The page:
Palgrave Studies in the History of Science and Technology--Call for Manuscripts
Designed to bridge the gap between the traditionally divergent fields of the history of science and the history of technology, this new book series aims to publish the best new work by the most promising and accomplished authors in both areas. It will present original, high-quality,accessible, and interesting non-fiction works at the cutting edge of scholarship that address existing gaps in the literature worldwide. Through these books, we intend not only to advance scholarly conversation within and across traditional disciplines but also to help define new
areas of intellectual endeavor.
In general, series books will be stand-alone publications with a distinct story to tell and a specific contribution to knowledge. A key component of this series will be to bring historical perspectives to bear on issues of current and ongoing concern, be they public policy or larger popular issues. Another will be seeking both international and global perspectives on a variety of issues. A third is effective communication (not “science wars”) between historians and practicing scientists. The series will cover such subjects as:
�� global climate change
�� energy and the environment
�� biotechnology and medicine
�� the information sciences
�� invention and innovation
The series will accommodate a wide variety of titles, including but not limited to research monographs, synthetic studies, biographies, conference volumes, and single-authored works featuring ethical and public policy debates and issues in cultural context. In all cases, they will reflect both cutting-edge research and lively writing. Their dominant disciplinary approach will be historical, but will inevitably incorporate economic, social, cultural, anthropological, and political science perspectives.
We prefer to see proposals with one or two chapters, delivered electronically in Microsoft Word, before considering a full manuscript. Proposals should be e-mailed to one of the series editors:
James Fleming – firstname.lastname@example.org
Roger Launius – email@example.com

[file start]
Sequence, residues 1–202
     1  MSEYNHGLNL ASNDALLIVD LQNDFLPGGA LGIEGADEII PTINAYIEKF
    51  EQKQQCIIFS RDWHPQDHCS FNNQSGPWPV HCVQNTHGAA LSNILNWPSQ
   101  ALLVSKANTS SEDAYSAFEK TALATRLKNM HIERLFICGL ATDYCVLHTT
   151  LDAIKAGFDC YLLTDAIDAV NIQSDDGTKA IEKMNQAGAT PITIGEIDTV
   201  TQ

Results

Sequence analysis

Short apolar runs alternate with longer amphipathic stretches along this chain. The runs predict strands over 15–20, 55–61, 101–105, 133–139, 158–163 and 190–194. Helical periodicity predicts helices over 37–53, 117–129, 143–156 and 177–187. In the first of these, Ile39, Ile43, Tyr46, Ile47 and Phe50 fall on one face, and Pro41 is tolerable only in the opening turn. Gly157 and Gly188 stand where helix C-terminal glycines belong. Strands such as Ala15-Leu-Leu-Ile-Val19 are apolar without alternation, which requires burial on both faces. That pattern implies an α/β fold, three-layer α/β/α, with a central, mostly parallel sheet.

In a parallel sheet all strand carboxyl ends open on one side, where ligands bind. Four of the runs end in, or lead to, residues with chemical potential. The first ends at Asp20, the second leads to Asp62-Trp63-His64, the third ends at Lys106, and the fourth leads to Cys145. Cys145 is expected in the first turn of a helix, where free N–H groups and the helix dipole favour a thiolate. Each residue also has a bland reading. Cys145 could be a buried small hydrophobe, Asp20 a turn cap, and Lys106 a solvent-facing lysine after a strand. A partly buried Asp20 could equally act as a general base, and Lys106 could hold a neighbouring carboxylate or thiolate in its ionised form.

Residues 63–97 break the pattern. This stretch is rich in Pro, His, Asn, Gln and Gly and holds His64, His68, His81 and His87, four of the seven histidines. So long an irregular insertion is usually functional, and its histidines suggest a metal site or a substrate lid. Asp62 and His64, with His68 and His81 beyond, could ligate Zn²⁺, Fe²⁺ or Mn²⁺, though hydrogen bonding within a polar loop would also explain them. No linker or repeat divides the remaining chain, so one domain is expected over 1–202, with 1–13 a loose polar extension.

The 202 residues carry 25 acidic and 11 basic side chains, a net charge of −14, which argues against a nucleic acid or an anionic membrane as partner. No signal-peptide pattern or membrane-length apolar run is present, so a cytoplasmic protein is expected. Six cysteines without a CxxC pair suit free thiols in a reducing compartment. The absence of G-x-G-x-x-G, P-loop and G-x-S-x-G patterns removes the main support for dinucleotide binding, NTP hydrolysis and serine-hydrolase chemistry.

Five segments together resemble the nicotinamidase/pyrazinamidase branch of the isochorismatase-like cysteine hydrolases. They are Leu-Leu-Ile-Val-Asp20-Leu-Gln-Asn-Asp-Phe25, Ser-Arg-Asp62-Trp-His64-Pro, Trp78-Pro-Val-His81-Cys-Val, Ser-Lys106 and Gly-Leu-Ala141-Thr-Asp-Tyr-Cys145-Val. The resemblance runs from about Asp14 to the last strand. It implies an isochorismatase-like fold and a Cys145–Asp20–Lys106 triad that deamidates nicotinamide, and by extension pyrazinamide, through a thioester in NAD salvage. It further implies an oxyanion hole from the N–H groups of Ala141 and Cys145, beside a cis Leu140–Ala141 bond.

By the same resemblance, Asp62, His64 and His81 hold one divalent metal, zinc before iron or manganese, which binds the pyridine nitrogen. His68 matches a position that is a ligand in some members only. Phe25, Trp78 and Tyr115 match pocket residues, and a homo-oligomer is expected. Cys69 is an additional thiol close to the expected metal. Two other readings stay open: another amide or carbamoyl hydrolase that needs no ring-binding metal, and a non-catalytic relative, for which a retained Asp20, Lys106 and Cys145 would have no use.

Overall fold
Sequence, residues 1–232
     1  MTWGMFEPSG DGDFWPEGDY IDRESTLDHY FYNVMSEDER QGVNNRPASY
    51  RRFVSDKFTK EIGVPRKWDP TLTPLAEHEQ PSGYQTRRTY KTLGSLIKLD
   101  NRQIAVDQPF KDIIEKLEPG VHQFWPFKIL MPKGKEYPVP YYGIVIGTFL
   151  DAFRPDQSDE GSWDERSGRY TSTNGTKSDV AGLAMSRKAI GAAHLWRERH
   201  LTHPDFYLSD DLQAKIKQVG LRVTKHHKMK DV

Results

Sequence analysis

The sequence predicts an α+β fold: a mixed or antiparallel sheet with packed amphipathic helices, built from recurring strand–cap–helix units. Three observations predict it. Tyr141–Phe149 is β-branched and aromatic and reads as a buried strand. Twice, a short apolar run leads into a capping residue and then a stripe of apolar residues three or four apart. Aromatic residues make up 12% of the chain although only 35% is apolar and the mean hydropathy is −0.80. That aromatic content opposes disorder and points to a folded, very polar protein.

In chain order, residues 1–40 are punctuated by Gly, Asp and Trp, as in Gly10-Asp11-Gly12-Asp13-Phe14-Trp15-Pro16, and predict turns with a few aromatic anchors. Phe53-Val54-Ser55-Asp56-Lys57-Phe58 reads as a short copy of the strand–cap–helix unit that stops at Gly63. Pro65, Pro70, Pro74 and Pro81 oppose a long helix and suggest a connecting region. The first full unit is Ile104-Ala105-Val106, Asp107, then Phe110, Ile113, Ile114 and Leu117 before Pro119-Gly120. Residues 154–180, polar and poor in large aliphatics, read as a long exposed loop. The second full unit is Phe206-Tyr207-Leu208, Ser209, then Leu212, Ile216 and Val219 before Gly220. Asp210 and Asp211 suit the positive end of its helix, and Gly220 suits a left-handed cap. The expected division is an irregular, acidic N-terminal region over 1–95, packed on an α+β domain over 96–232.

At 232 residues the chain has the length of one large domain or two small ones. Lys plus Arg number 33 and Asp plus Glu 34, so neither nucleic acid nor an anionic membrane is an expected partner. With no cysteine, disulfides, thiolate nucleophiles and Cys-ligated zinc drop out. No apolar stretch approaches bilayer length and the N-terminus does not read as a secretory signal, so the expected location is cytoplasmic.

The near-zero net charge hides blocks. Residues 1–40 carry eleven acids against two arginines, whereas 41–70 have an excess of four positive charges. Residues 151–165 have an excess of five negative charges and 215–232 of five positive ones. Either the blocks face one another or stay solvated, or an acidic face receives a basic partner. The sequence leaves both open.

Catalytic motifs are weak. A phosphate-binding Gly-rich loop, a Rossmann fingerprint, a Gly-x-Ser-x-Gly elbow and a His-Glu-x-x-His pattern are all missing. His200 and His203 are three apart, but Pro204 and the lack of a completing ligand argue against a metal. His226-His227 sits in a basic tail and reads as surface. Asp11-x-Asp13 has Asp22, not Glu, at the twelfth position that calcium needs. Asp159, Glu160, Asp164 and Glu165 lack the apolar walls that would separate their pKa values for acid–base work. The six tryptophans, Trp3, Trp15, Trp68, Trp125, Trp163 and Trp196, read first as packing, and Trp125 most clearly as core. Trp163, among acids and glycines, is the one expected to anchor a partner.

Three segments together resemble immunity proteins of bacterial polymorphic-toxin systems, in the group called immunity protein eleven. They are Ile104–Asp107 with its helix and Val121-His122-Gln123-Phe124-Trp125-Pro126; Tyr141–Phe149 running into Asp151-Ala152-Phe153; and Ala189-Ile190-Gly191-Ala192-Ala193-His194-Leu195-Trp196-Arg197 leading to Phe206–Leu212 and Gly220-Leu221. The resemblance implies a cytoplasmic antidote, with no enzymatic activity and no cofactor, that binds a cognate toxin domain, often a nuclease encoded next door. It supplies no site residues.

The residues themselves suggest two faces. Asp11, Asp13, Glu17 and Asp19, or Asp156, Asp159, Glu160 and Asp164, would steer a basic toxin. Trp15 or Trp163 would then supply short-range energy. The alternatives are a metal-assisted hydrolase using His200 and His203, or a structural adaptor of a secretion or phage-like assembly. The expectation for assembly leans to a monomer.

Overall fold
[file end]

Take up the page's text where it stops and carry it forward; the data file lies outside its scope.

Please organize your proposal as follows:
1) Proposed title and subtitle of your work.
2) Brief Description: In one short paragraph explain the scope of your project: What are the core themes, arguments, issues, and/or topics of the work? What are the distinctive and original elements of your project that set it apart from other work in the field?
3) Full Description: In one to two pages, please elaborate on the core argument(s) and goal(s) of the proposed book. What questions do you seek to answer? What do you believe will be the book’s contribution to the literature in its field?
4) Proposed Chapter Outline: Please provide a chapter-by-chapter synopsis of the project’s planned content and main argument(s). In order for us to make an accurate assessment of the project’s potential, please provide as much detail as possible, including a title and a descriptive paragraph for each chapter (approx. 100 words each).
5) Market and Competition: Please indicate the primary market for your project, i.e. who will read and buy the book. If it is aimed toward students, what specific courses is it written for and at what level? What are typical enrollment numbers for such courses? Would your project be suitable as the main reading for the class or as supplementary reading?
Please list any secondary markets that may exist for the book (i.e., library market, academic associations, etc.) Please list (including author, title, and publisher) competing or complementing titles. These do not need to be direct competitors but simply what your primary readership is buying/using at the moment. What sets your book apart from these titles and would persuade potential readers to buy it?
6) Additional Information: What is the expected length of the manuscript (in either total words, including notes, or double-spaced pages)? Will there be pictures, tables, or other non-text material, and, if so, approximately how many? Are there any other particular features planned for the book (e.g., boxed text, glossary, activities, study questions, instructor’s guide, etc.)?
7) Delivery date: What is your current schedule for completing the manuscript?
8) Peer Review: If there are people well-qualified to offer an objective assessment of your proposal, we encourage your suggestions.
9) Author Information: Please provide complete contact information for yourself and any coauthors/co-editors, as well as a short bio or complete CV. For edited collections, please provide short bios for all contributors as well.
Roger D. Launius, Ph.D.
Senior Curator, Division of Space History
National Air and Space Museum
P.O. Box 37012
NASM Room 3556, MRC 311
Washington, DC 20013-7012
Cellular: 202-528-3278 Email: firstname.lastname@example.org
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